This research focuses on the prediction of the forming limit of certain Advanced High Strength Steel grades under stretch-bending conditions. For these types of steels it is experimentally observed and shown that when there is a bending component added to the main membrane deformation the formability predicted by the regular FLCs underestimate the material behavior. Due to the added effects of thickness stress due to contact and small radius bending as well as bending stresses, a through-thickness stress gradient forms which gives additional stability to the material beyond the forming limits determined by tests that generate mostly uniform membrane deformation. It is observed experimentally and by the detailed simulations that the cross-sectional stability is not lost instantaneously but gradually. A surface dent forms first on the outer surface and progresses in a stable manner towards the contact side since on the contact side the material has still potential to harden. This process delays the localization of the strains and stabilizes the formation of the local neck. For the prediction of this phenomenon theoretically and using shell elements, a modified incremental form of the maximum tension stability criterion is proposed to be applied at integration points through thickness. It is shown that with this criterion the phenomenon of gradual loss of stability can be captured during stretch-bending with shell elements.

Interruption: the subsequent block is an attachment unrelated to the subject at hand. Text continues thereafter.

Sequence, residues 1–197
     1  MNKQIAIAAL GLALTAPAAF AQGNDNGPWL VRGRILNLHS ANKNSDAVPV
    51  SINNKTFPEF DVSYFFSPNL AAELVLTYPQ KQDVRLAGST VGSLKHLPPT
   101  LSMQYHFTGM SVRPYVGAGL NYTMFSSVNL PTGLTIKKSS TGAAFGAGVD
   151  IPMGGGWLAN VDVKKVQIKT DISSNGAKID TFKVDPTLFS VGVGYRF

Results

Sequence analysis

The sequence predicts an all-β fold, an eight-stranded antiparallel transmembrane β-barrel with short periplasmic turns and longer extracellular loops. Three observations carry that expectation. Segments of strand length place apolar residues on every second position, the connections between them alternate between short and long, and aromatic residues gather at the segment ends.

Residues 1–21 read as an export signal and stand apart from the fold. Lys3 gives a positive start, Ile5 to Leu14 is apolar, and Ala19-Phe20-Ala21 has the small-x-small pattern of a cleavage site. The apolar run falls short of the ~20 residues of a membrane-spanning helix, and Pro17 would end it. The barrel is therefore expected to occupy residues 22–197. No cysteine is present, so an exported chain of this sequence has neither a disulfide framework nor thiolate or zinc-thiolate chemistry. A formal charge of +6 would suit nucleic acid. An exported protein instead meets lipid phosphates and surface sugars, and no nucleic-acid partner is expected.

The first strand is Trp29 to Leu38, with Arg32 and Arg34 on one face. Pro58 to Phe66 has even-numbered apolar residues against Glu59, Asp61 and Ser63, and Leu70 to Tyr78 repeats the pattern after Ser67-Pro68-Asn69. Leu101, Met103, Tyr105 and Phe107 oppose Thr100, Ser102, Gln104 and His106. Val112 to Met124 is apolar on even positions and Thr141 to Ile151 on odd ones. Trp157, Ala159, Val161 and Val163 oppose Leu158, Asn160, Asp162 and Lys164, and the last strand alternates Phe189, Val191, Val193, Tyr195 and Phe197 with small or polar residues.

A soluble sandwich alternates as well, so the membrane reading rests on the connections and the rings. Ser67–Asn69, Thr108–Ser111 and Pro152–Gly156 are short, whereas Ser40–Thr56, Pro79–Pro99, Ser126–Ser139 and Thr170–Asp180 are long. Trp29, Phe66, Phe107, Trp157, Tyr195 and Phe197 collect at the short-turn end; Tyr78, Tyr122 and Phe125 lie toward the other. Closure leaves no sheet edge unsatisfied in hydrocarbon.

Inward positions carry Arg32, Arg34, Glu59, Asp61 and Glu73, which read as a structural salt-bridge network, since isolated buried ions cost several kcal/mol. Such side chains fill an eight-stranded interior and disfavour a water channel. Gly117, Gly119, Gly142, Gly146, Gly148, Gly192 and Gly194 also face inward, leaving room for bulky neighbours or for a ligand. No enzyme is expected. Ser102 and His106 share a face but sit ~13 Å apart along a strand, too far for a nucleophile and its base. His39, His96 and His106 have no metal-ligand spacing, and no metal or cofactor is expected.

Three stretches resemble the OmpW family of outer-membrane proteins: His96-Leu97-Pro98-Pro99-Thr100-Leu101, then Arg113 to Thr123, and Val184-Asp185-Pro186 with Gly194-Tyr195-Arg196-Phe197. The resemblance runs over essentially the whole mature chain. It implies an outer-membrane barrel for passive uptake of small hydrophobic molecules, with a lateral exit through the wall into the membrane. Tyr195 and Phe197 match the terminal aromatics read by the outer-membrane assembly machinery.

|Journal||Key engineering materials|
|Publication status||Published - 2015|